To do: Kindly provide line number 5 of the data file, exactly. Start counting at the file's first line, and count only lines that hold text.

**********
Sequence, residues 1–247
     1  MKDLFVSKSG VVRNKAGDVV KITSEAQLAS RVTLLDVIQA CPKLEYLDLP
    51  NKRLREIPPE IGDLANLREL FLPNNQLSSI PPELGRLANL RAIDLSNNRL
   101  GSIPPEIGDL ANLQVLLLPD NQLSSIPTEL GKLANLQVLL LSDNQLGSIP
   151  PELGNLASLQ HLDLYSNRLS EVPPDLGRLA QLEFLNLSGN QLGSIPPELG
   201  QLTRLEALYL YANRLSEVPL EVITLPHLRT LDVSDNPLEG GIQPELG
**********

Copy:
   151  PELGNLASLQ HLDLYSNRLS EVPPDLGRLA QLEFLNLSGN QLGSIPPELG